TrustsWillsUses of Trusts That You Might Not Have Thought Of: Part Nine

Trusts have a variety of different uses in wills. Most of these are relatively well known by will writers, however there are times where very specific facts could warrant the use of a trust. In this regular feature of the newsletter we will cover situations where a trust could be recommended to a client that you might not have thought of.

This week, we will look at a situation where you may consider using a discretionary trust where a testator is worried about assets being sold to avoid care fees affecting the distributions in their will.


Emilia has three children; John, Charlotte and Daniel. Her estate consists of a solely owned property, which is the bulk of her estate, but she also has substantial cash assets. She wishes to leave the property to Charlotte in her will, as Emilia has benefitted John and Daniel with substantial gifts during her lifetime. She wishes any residue however to be split any residue between John and Daniel.

What’s the problem?

Emilia is physically frail and is concerned about going into care in the future and that her home may be sold after she has moved into care. If this was the case, it would cause the gift to Charlotte to fail as she no longer owns the property. In this situation, the will could perhaps be worded so that Charlotte instead takes a cash gift equal to the last sale proceeds, but if her estate has been reduced to pay for her care this may impact the inheritance of John and Daniel.

She is also worried that if the property is not sold, her cash assets may be used to fund her care which would detrimentally impact the inheritance of John and Daniel.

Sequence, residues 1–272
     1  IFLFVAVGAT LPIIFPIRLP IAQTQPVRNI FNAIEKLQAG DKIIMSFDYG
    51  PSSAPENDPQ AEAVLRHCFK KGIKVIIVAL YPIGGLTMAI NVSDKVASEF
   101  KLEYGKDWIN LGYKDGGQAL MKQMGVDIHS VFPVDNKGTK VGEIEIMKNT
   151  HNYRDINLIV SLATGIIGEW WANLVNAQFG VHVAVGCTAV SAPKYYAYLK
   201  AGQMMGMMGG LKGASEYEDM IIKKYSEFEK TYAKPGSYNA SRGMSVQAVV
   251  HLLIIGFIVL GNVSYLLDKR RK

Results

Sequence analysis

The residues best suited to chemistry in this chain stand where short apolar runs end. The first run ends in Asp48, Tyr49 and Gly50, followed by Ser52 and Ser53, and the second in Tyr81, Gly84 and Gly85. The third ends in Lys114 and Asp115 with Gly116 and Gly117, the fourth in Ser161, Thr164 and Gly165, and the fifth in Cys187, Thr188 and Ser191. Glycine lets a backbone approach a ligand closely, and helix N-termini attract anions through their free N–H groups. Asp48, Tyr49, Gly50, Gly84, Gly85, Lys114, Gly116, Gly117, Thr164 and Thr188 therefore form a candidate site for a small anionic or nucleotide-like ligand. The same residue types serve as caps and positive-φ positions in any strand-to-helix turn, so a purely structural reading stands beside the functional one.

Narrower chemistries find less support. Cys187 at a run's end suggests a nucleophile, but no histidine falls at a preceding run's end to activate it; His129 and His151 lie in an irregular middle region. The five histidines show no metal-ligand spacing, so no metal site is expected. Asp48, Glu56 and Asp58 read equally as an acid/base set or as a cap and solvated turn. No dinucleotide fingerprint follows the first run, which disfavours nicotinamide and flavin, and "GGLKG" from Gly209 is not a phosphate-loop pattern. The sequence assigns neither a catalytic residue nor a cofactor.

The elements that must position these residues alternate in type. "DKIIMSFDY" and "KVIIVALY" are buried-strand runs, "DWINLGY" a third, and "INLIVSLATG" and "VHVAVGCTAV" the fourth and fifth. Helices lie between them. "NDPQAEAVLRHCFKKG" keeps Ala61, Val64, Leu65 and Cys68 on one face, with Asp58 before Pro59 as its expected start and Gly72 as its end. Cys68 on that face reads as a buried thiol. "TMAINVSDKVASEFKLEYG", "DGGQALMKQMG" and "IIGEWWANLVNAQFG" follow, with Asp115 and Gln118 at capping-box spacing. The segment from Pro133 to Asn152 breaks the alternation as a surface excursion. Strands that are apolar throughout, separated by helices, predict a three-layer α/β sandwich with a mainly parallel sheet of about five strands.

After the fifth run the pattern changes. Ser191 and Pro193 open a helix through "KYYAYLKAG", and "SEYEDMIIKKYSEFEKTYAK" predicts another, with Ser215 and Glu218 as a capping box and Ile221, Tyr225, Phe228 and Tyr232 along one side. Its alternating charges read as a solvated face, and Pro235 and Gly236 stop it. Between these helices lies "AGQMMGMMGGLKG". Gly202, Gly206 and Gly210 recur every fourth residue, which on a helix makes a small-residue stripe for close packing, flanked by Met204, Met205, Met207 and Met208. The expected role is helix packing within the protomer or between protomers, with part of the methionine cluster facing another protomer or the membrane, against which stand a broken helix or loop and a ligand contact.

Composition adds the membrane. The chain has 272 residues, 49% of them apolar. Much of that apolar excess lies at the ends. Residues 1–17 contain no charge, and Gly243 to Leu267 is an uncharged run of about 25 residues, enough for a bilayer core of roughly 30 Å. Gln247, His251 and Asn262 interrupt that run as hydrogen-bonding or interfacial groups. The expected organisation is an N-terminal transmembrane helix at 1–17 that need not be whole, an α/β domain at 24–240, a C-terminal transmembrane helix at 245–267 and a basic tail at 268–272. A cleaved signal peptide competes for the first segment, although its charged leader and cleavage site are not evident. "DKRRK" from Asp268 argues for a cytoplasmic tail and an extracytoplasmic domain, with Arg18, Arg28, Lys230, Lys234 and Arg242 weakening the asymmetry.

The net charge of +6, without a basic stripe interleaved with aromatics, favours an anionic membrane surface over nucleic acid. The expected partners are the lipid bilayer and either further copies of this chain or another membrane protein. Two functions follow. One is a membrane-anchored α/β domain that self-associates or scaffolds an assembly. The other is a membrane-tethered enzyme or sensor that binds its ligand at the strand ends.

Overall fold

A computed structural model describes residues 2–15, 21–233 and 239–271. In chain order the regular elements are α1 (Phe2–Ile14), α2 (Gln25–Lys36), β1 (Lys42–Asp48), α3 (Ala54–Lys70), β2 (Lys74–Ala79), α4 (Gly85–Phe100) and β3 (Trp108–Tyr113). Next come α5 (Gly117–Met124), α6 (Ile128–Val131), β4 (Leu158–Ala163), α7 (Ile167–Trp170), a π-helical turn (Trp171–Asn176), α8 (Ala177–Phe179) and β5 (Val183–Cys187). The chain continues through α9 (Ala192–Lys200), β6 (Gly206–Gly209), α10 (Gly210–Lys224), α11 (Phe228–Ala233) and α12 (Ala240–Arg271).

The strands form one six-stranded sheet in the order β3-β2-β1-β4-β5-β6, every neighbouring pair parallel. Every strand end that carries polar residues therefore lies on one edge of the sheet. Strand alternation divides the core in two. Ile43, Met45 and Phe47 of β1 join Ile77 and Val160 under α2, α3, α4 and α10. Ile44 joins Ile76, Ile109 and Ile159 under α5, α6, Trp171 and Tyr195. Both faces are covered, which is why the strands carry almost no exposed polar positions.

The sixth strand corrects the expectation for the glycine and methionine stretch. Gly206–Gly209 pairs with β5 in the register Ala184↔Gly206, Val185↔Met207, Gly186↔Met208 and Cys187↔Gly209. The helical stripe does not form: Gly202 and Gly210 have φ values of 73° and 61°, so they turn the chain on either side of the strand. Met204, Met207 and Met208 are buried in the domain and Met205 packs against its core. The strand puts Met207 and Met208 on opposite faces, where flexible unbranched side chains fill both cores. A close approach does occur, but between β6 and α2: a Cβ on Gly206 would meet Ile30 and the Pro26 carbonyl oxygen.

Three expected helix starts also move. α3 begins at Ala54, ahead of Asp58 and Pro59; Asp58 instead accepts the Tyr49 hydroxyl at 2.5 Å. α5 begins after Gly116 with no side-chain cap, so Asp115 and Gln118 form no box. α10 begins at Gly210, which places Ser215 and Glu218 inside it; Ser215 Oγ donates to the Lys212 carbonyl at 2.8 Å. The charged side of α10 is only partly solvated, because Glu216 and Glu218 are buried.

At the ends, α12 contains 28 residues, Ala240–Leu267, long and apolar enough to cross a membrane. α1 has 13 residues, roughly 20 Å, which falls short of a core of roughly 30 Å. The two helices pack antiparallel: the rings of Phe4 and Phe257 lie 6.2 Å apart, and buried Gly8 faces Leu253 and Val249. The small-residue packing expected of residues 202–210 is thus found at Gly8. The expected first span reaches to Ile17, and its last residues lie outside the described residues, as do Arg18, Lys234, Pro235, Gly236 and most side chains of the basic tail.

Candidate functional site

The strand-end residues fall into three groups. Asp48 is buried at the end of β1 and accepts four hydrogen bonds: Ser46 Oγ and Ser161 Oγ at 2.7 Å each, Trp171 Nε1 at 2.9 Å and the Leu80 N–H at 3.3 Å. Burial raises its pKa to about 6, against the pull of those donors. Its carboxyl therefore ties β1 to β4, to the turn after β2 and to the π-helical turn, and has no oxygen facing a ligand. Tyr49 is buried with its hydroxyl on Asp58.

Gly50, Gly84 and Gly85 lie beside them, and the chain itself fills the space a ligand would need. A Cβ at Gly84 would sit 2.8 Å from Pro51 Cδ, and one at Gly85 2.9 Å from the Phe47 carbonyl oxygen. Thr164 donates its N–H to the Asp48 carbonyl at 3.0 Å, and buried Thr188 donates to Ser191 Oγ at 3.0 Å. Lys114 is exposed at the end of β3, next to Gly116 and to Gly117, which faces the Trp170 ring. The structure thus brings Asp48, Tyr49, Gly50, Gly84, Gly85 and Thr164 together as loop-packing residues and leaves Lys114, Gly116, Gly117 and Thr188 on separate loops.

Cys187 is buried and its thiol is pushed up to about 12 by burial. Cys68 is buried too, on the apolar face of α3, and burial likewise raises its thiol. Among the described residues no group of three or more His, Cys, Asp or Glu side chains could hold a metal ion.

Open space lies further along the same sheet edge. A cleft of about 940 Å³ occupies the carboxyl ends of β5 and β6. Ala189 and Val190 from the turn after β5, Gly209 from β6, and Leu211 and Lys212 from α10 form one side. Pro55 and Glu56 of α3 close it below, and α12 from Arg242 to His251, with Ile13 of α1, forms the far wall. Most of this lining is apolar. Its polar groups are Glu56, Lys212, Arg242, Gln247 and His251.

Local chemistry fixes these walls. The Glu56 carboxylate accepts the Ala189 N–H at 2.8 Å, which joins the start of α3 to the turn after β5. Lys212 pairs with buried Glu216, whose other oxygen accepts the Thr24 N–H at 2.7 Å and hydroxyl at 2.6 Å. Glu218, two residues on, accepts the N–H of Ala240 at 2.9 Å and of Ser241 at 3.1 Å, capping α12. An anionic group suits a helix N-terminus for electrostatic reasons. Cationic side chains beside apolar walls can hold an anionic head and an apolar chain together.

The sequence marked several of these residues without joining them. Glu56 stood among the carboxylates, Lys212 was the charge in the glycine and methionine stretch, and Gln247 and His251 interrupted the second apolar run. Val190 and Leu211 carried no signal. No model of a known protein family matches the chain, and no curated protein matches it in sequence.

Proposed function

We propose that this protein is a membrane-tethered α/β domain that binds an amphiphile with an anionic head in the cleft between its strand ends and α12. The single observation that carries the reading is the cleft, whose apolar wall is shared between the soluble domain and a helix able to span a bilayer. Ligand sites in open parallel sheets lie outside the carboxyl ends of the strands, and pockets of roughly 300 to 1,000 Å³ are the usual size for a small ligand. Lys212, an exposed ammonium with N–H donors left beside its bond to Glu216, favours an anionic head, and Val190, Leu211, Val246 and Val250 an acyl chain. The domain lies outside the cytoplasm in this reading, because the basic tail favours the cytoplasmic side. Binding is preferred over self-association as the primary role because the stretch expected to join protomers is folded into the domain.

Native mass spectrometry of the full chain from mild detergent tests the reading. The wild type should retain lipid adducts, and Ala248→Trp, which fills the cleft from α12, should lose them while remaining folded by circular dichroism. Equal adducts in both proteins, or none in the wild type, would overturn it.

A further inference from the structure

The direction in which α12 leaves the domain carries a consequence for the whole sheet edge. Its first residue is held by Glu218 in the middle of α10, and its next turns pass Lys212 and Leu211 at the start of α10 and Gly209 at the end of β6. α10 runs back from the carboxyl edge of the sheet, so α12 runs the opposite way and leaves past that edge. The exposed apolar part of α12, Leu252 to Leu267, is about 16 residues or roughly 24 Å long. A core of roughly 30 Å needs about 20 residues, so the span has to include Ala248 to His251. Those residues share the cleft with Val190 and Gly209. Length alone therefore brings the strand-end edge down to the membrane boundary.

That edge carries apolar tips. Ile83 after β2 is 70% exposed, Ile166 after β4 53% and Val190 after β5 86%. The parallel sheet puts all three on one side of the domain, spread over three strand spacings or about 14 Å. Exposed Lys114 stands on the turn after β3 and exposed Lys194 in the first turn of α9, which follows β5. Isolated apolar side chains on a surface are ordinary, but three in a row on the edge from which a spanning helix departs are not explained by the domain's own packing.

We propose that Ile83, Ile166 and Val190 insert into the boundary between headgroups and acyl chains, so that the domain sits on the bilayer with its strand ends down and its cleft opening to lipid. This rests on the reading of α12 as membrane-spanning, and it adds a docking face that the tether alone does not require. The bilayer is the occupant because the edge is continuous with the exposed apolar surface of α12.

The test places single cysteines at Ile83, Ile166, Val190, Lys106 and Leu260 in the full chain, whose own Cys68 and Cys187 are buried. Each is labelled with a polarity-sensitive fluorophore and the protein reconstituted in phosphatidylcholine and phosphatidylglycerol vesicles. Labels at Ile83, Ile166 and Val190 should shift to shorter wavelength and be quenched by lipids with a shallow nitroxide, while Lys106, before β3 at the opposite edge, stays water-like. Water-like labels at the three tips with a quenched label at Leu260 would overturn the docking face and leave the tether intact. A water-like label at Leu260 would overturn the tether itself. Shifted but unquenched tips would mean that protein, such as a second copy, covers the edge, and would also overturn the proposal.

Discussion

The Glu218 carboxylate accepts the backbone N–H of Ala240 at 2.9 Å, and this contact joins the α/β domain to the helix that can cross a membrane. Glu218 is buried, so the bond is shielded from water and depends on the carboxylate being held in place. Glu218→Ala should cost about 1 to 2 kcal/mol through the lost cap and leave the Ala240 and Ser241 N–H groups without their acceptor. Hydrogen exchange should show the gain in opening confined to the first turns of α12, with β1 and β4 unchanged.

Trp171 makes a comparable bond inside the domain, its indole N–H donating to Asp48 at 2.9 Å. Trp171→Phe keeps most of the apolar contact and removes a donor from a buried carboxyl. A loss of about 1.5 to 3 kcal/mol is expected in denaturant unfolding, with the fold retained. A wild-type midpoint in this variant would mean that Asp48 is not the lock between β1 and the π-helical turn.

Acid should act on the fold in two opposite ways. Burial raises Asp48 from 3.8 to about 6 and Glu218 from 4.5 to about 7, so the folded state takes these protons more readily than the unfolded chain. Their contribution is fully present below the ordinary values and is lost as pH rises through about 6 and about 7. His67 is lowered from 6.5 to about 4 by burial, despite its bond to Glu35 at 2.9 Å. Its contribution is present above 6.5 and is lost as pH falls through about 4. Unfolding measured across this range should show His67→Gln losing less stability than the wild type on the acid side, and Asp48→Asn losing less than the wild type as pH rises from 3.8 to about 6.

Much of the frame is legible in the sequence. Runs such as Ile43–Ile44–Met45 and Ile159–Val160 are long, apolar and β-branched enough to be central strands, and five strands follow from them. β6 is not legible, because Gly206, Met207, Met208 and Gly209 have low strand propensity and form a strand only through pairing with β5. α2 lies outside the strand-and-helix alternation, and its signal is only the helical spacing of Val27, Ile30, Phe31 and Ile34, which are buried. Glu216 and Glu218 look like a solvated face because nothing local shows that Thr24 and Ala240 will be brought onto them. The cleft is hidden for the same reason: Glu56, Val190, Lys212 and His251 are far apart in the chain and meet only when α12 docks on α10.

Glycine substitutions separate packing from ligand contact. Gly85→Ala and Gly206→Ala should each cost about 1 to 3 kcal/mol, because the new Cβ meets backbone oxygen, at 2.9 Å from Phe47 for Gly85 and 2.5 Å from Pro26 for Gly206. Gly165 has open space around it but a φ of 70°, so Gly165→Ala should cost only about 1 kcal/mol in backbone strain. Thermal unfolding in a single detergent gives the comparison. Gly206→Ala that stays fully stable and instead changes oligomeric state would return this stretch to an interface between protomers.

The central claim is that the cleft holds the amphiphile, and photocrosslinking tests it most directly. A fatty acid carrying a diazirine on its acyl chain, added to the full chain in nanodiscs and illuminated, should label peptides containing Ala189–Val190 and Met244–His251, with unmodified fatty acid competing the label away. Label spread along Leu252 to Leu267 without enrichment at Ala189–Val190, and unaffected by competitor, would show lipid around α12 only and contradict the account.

The property could still be gifted to Charlotte but the residuary estate could pass to a discretionary trust with all children as potential beneficiaries. A letter of wishes would be needed to guide the trustees on how they should act.

If that the gift of property takes effect, the trustees could distribute the residuary discretionary trust equally between John and Daniel. In the event that the property has been sold during lifetime, causing Charlotte’s gift to fail, the trustees could then make a distribution between all three children. The amounts each children would receive could be guided by the letters of wishes with the trustees would have flexibility to make a distribution considering all the value of the estate at that time.

To give further flexibility, the whole estate including the property could also pass to the discretionary trust. This would allow the trustees to benefit John and Daniel from the property in the event that cash assets have been reduced by paying towards Emilia’s care.

If you would like any further advice on this, please don’t hesitate to contact us at [email protected].

Chris Rattigan-Smith